Blame it on the supernova

Is this long hot spell a sign of climate change caused by greenhouse gases? Not necessarily. Scientists are looking into space for an explanation, and in particular at exploding stars that rain cosmic rays on to the Earth.

Kate Ravilious
Wednesday 13 August 2003 00:00
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The record temperatures in Britain last weekend made global warming feel all too real. Atmospheric carbon dioxide from burning fossil fuels usually gets the blame, and, consequently, alternative, "clean" energy sources such as wind farms, solar panels and fuel cells are the new vogue. But is carbon dioxide really the culprit? Or might the global-warming theory be based on hot air? A small but significant number of scientists are now suggesting that carbon dioxide may not be such a major player, and that in fact the ups and downs in the Earth's climate could be linked to the exploding of far-away stars.

Such a controversial theory requires some explaining. When a massive star reaches its supernova state, it explodes and releases high-energy particles called cosmic rays. Some of these cosmic rays enter the Earth's atmosphere. Two specialists in this field - Nir Shaviv from the Hebrew University of Jerusalem and Jan Veizer from the University of Ottawa in Canada - claim to have found evidence that vari-ations in cosmic rays could be influencing Earth's climate.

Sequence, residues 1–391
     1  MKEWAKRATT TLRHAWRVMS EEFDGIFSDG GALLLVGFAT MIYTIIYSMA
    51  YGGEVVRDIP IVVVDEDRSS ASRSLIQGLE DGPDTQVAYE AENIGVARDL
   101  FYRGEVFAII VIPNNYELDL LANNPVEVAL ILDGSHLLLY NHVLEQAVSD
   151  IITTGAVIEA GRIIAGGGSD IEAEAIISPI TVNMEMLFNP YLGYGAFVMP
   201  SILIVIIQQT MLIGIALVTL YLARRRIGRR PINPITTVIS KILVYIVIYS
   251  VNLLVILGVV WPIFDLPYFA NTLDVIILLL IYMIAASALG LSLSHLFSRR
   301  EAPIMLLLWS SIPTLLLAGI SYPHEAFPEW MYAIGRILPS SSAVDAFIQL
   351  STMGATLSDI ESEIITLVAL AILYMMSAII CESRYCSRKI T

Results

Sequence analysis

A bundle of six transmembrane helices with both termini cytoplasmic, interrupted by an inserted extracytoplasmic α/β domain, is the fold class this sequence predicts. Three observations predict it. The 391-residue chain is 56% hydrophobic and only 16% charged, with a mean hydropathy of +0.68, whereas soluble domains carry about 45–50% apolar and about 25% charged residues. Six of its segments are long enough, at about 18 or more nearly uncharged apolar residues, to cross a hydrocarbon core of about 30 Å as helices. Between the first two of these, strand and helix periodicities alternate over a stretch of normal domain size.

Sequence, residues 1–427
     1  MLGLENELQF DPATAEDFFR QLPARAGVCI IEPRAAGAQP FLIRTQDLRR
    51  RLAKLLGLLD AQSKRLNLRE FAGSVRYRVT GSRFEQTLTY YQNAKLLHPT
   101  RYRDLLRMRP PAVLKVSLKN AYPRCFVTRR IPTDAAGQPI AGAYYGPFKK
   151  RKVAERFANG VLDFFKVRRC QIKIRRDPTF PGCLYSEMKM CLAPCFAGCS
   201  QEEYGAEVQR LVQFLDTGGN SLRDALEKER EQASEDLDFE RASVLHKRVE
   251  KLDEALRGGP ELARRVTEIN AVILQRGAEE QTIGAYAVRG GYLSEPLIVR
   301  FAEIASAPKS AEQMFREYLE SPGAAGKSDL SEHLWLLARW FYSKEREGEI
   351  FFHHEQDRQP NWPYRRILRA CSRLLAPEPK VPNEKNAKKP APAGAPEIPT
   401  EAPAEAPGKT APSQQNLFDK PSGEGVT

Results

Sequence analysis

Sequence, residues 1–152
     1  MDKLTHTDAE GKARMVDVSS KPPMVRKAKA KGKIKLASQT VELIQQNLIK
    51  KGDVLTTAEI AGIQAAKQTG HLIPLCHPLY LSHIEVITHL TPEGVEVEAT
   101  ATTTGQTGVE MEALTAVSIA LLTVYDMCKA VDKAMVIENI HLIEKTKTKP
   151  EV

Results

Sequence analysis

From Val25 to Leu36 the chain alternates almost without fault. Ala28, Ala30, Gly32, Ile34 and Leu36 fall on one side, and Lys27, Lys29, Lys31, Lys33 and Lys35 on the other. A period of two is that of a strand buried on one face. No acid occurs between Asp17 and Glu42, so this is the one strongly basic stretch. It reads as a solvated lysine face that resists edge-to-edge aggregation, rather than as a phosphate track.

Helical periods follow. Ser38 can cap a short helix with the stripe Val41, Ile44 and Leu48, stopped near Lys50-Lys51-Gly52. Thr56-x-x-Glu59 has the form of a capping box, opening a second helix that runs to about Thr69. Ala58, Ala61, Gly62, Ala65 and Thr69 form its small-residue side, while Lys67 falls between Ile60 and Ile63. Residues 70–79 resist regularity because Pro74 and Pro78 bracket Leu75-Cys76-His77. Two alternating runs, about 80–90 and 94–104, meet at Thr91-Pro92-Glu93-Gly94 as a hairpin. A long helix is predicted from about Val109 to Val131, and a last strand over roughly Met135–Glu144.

Our solar system rotates around the Milky Way, passing in and out of the four spiral arms of stars belonging to the galaxy. When the solar system is inside a spiral arm it receives a high cosmic ray flux (CRF) because it is surrounded by many exploding stars. "The spiral arms move slower than the stars and this creates a stellar 'traffic jam'," explains Shaviv. "Almost all star formation takes place in these stellar traffic jams and so massive stars, which live short lives, get stuck in the jam and die on the spiral arms too."

What Shaviv and Veizer have noticed is that cold periods in the Earth's climate tend to occur at the same time as high CRF relating to the Earth passing through a spiral arm of the Milky Way. "Approximately every 150 million years the Earth has entered a spiral arm of the Milky Way, and there has been a corresponding cold period with more ice at the poles and many ice ages," Shaviv says.

The scientists used a clever technique involving meteorites to measure the changes in the CRF hitting the Earth over the last 545 million years. When a meteorite forms and breaks off from its parent asteroid, its fresh surface is exposed to cosmic rays. These blast into meteorites and break down some of the meteorite atoms, creating lighter elements. The greater the CRF, the greater the accumulation of light elements in the meteorite. Hence, by using pre-existing light element data, measured from meteorites of different ages, Shaviv and Veizer were able to calculate how the CRF has changed over time.